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dc.contributor.authorJoyce, Pauline Therese
dc.contributor.supervisorDr Peter Taylor

The early part of the 21st century saw a dramatic shift in Western cultures away from representative democracy to a more participatory or deep democracy. Advocates of this new democracy consider that finding solutions to the problems that confront our world, on a global scale, are too complex to be left in the hands of elected officials. As a result, public participation, or community engagement, has become a way for organisations to dig deeper in order to find more resilient and sustainable solutions to difficult problems. This form of democracy presupposes informed citizens who are communicatively competent to take their place as fully participating members of a democratic society. As schools are considered by some experts to be the best place to develop the skills required for democratic participation it made me question the reality of making such a claim. Overwhelmingly, schools continue to function under endowed, autocratic leadership where there is little opportunity for democratic participation.In undertaking my research I took on the role of co-participant in two primary schools to explore the question: What happens when teachers are given greater opportunities to deliberate and make decisions about the work they do? How and why it happened became the focus of an auto-ethnographic study with co-participants from the two schools over a period of two and a half years (2008-2010). As the researcher, I coached, mentored and guided individual teachers, principals, teams of teachers and leadership teams through a restructuring and reculturing process that began with the introduction of a new governance model, sociocracy, where decisions are made by the socios, people in close social proximity to one another, rather than the demos, the general populace. The complex and emerging nature of this research determined that I use a multi paradigmatic design, as espoused by Guba (1990), in order to respond to the turbulent nature of the research field. My design allowed me to continually shift focus to reveal multiple perspectives, my own and “Other”, as I mined the rich underlay of data that emerged out of my interactions in each school. The quality standards used to measure the worth of this project are aligned to the methodologies chosen; they shift throughout the project as I consciously choose the best way to reveal the knowledge gained from my interactions in the field. I have interwoven theory, practice and multiple voices throughout the text as a way of balancing the reported disconnect that teachers feel between policy and practice.The outcome of this research is a holistic, scalable organisational framework for schools to use as a way of creating resilient learning organisations that adapt and improve in a constant state of be(com)ing.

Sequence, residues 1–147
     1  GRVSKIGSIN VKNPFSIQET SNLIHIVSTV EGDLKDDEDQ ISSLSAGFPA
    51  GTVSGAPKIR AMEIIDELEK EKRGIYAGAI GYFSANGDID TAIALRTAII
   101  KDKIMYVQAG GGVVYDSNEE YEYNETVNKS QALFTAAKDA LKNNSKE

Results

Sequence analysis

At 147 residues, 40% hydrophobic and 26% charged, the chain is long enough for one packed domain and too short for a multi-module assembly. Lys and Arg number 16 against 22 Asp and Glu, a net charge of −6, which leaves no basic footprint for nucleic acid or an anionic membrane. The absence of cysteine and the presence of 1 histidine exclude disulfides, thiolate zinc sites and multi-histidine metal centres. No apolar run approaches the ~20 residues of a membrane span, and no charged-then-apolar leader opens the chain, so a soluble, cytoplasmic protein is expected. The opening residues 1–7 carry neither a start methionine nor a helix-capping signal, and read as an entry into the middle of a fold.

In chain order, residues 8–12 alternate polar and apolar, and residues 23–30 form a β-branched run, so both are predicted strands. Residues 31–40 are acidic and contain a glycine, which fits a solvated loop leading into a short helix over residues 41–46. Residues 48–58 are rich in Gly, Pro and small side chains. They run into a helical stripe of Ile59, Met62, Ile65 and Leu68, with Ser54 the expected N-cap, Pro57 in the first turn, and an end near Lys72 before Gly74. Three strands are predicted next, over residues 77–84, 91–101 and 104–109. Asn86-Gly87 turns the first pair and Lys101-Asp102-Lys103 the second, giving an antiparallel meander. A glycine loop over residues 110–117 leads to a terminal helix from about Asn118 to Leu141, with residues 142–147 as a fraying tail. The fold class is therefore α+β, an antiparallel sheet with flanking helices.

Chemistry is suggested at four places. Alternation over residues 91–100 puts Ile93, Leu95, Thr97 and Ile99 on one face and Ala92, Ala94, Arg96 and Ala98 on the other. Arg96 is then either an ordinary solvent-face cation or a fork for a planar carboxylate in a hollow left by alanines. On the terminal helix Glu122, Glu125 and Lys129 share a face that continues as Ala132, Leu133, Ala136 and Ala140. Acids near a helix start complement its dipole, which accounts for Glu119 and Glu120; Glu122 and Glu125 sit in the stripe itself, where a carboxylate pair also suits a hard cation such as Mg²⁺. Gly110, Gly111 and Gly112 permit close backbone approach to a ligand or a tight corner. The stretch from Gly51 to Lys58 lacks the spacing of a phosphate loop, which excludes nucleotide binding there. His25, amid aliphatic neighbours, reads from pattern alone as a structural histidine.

dc.publisherCurtin University
dc.subjectexpanding circles model of governance
dc.subjectsociocratic principles
dc.titleEducators engaged in meaning-making about their work : using an expanding circles model of governance, grounded in sociocratic principles, to improve the work educators do
curtin.departmentScience and Mathematics Education Centre
curtin.accessStatusOpen access

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